Wednesday, September 4, 2013

David Shelton of Shelton Laurel


Shelton Laurel is in a remote corner of our county -- beautiful wide flat fields lying between wooded mountains. "Some call this hallowed ground," David Shelton told me when I visited him Monday in search of more information on the Civil War atrocity that is the central event of the novel I'm working on.

Some of Shelton's ancestors were among the victims of what is called the Massacre and, as I've already interviewed a descendent of Col. Allen who led the soldiers that killed the Shelton Laurel unionists, I thought I should hear the stories that have come down on the other side. The books that deal with the Massacre and even some of the early sources are contradictory. 

Of course I'm writing fiction, but it's real people and real events and I'm trying to exercise due diligence.

 At this remove of time, I'm not expecting to find incontrovertible proof of anything -- what I'm writing about deals with the eternal problem of Good and Evil and all the shades in between. I'm exploring Man's  inhumanity to Man and trying to see all the sides in the story.

I picked up some interesting tidbits  -- some of which are at odds with the accounts I've read other places.  The Confederate higher ups did condemn the massacre but there is no way of knowing how accurate the various reports were -- from either side.

Not unlike today. We are at the mercy of the various media and governmental agencies. Who knows what truth is? 

But it was a fascinating visit. Mr. Shelton is a charmer and a talented guitarist. After he'd answered my questions, he played for us. And he had some good stories -- when I told him how my son, whose last name is Skemp, had been the only one in his high school homeroom (the students were assigned alphabetically) not named Shelton, he told us about the door to door salesman.

"Down at Glendora‘s store, there was a salesman came through and he’d been making the rounds on Shelton Laurel. He wanted to know why almost every mail box read Shelton. 

‘Well,” one of the fellers loafering around told him, 'after the Civil War most all the men up here was dead and there weren’t but three old men left and all of em Sheltons.  Well, sir, those old men just went from house to house, visiting the widders and the young women whose sweethearts was dead in the war -- and looks like ever one of them women caught.'"
 
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13 comments:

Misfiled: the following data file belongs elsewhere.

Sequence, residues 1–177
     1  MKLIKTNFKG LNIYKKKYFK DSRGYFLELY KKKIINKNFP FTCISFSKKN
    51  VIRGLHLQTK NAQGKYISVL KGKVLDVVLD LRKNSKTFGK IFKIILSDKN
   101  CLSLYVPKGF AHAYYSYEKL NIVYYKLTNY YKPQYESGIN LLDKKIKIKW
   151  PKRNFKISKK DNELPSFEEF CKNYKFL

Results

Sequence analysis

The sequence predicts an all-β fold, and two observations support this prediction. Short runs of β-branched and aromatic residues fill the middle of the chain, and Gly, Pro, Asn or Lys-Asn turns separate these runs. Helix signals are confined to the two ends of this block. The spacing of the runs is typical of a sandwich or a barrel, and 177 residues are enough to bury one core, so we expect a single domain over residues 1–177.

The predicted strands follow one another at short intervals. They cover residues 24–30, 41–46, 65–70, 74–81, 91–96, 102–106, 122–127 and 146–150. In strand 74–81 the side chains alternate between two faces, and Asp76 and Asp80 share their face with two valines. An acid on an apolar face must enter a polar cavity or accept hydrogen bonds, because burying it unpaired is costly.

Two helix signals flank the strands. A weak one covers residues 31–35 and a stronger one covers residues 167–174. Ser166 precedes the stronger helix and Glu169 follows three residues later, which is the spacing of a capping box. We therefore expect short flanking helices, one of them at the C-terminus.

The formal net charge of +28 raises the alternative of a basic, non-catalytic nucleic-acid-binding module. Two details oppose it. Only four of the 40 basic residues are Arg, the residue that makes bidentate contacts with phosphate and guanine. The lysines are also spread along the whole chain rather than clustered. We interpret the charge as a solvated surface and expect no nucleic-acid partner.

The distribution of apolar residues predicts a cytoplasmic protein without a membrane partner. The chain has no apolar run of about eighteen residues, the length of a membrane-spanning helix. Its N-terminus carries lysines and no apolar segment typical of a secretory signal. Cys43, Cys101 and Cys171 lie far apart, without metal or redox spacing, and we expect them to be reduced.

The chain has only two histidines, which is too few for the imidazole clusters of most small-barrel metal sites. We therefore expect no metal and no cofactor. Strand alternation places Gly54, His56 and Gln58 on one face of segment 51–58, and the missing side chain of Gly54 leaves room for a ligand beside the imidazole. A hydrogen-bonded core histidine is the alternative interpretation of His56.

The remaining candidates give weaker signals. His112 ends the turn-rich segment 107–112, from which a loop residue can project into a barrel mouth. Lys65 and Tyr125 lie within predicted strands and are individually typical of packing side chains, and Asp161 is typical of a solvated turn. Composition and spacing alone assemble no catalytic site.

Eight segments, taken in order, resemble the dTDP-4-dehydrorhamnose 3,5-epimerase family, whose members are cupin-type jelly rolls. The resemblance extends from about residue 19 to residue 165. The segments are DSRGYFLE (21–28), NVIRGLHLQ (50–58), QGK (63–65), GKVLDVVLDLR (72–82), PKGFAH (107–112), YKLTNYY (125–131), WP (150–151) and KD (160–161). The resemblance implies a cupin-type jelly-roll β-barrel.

Ms. A said...

Wonder how much truth is in that last story? LOL!

Merisi said...

And if the story's not true, it's still a good one! ;-)

Brian Miller said...

oh my on that last bit...hearing these stories is good research....it adds an authenticity for sure to our writing....

Vicki Lane said...

True Southerners and true storytellers never let the facts get in the way of a good story.

B. Rogers, Living in Black Mountain said...

Such a great avenue for you to follow...I had trouble reading the type against the dark background...somehow it's (type) grey today.

Vicki Lane said...

I lightened the background some, Barb. Thanks for letting me know.

NCmountainwoman said...

Interesting. I am fascinated by stories of the Shelton Laurel Massacre. It says so much about the devisiveness in our mountains.

Lise said...

I can't wait to read your new novel! I really enjoy your books:)

Shelton's story probably has quite a bit of truth to it, even if it is spun to get a reaction, LOL!

Tipper said...

LOL! I've heard a similar tale about Brasstown. Can't wait for your book!!!

Star said...

Very interesting Vicki!

Wayfarin' Stranger said...

Whether it's true or not, if we tell it long enough it will be! Looking forward to the book. Jim

jennyfreckles said...

That's a good story. It must be fun doing the research. I have to be honest and say I wouldn't personally find actually writing a book much fun...but I'll join you in the research - and admire you and other authors for turning out fine books.

dannie said...

We have been going to our local Rice/Revere community center on Friday nights for a good burgerr but mostly to hear the stories. Every time we hear something new that makes us wish we had been here "back in the day." We also have been to a gathering on Rice Cove of the new "back to the earth" sustainable farmers. New stories and memories are in the making.